Malheur County suspects charged in drug case tied to Mexican cartels

BOISE – Four people from Malheur County are among 25 people indicted by federal authorities in a sweeping investigation of large-scale drug trafficking tied to Mexican drug cartels that was announced Monday, Aug. 21, by Idaho U.S. Attorney Josh Hurwit.

The investigation, a combined operation between the FBI, the Drug Enforcement Administration, the Bureau of Alcohol, Tobacco, Firearms and Explosives, the Idaho State Police, the Canyon County Sheriff’s Office and the Caldwell Police Department, led to the seizure of nearly 100 pounds of methamphetamine, 21,000 fentanyl pills 531 grams of fentanyl powder, 38 firearms and more than $120,000 in cash.

The local individuals indicted in the operation included Efren Avilez-Lopez of Ontario, indicted for distributing 25 pounds of methamphetamine and possession with intent to distribute 21 pounds of methamphetamine. Maria Medina-Zeveda, also of Ontario, was indicted for distributing 35 pounds of methamphetamine and possession with intent to distribute 21 pounds of methamphetamine. Efren Alexander Avilez-Pacheco of Ontario was indicted on possession with intent to distribute methamphetamine, fentanyl and cocaine and for possession of a firearm in furtherance of a drug trafficking crime. Cheyanne Juarez, Ontario, was indicted on one count of distribution of methamphetamine.

Avilez-Pacheco, a Mexican national, also faces violations of the terms of his supervised release connected to a 2019 federal drug trafficking conviction and his deportation to Mexico.

Illegal narcotics distribution charges carry mandatory minimum prison terms, depending on the amount and type of drugs distributed. Maximum prison sentences range from up to 20 years to life in prison. Unlawful possession of a firearm carries a maximum penalty of up to 15 years in prison.

The remaining 21 individuals charged with federal drug and gun violations are mostly from the Nampa-Boise-Caldwell area though at least one man is from Salem and one person from Payette.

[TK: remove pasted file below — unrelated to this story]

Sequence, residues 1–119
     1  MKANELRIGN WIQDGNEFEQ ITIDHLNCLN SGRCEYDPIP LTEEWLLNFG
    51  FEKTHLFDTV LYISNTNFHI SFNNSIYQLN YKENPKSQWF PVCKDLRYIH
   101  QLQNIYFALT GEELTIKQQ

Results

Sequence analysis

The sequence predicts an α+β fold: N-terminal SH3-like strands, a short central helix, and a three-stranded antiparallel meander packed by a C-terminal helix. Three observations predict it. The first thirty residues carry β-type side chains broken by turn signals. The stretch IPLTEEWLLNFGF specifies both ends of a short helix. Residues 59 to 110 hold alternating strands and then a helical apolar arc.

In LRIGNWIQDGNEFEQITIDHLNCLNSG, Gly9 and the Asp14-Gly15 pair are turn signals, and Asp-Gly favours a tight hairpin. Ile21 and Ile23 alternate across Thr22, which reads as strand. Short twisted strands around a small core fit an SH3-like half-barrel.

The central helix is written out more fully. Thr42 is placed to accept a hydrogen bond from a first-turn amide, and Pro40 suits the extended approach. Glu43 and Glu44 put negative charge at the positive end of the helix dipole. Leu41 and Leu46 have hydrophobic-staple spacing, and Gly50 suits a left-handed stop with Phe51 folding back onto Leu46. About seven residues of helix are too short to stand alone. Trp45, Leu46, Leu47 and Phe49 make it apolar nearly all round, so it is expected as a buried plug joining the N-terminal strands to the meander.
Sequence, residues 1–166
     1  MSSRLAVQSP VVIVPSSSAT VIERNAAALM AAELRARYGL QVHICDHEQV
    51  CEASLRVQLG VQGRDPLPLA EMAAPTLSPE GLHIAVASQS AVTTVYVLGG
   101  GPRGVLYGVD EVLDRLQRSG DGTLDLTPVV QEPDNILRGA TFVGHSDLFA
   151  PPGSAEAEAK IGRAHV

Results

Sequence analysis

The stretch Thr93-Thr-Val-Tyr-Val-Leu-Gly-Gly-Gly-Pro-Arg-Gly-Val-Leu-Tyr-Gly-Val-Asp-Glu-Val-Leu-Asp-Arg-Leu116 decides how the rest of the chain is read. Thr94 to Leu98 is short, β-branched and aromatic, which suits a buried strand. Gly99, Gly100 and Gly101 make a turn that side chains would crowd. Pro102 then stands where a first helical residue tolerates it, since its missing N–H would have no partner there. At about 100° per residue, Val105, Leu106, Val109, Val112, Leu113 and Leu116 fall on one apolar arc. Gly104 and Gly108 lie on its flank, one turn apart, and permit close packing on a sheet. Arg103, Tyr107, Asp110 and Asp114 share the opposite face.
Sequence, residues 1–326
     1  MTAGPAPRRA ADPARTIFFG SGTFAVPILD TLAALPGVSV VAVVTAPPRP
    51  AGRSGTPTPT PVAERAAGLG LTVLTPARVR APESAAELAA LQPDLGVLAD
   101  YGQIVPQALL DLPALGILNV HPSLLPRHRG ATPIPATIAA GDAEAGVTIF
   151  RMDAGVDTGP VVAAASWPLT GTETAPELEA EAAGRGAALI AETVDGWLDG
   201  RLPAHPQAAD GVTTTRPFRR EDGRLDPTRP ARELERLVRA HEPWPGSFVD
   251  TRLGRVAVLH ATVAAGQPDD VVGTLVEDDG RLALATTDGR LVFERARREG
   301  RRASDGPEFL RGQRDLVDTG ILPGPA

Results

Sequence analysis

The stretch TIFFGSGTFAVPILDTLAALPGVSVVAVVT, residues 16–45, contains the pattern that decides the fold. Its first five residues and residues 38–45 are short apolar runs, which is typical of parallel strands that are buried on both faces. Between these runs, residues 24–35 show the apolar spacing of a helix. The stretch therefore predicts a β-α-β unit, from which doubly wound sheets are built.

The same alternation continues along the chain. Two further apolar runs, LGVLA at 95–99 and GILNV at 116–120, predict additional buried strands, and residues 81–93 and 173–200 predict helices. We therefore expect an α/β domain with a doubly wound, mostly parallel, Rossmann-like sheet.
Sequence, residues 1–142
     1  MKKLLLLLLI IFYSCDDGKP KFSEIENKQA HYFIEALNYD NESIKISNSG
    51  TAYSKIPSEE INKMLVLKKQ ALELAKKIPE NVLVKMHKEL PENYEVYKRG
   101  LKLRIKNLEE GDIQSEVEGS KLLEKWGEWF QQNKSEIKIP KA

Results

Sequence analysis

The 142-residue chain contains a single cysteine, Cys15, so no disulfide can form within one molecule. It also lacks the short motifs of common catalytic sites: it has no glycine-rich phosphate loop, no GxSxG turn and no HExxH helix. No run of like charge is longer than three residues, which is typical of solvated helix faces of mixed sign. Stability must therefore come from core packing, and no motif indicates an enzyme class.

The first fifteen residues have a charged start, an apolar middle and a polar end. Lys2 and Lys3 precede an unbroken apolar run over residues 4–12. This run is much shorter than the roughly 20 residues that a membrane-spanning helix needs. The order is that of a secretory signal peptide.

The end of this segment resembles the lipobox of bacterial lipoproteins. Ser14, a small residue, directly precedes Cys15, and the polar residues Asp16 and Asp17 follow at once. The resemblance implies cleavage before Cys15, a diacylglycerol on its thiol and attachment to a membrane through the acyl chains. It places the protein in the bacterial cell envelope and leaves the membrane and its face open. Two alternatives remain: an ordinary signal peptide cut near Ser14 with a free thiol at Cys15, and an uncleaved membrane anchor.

“It is important to know that federal, state and local law enforcement are proactively working to dismantle drug trafficking enterprises in the Treasure Valley and elsewhere in Idaho,” Hurwit said at a news conference on Monday.

Matthew Gomm, the DEA assistant special agent in charge in Idaho, said the influx of illegal narcotics can be traced to Mexican cartels.

“The Jalisco cartel is one of the main cartels responsible for the influx of methamphetamine and fentanyl into our communities,” he said.

The Jalisco cartel – or the Jalisco New Generation Cartel – is considered to be Mexico’s second-most important illegal syndicate, behind the Sinaloa cartel. The Jalisco cartel is considered to be extremely violent.

“It is my hope the announcement of these indictments will help bring some clarity to the enormity of the dangers our citizens and law enforcement face on a daily basis by the increased criminality of transcontinental criminal organizations in our communities,” said Kieran Donahue, Canyon County Sheriff.

Travis Johnson, Malheur County Sheriff, said local police agencies also played a part in the long drug investigation.

“All the ones from Ontario, we helped work on those cases at different times and at different levels,” he said.

News tip? Contact reporter Pat Caldwell at [email protected]

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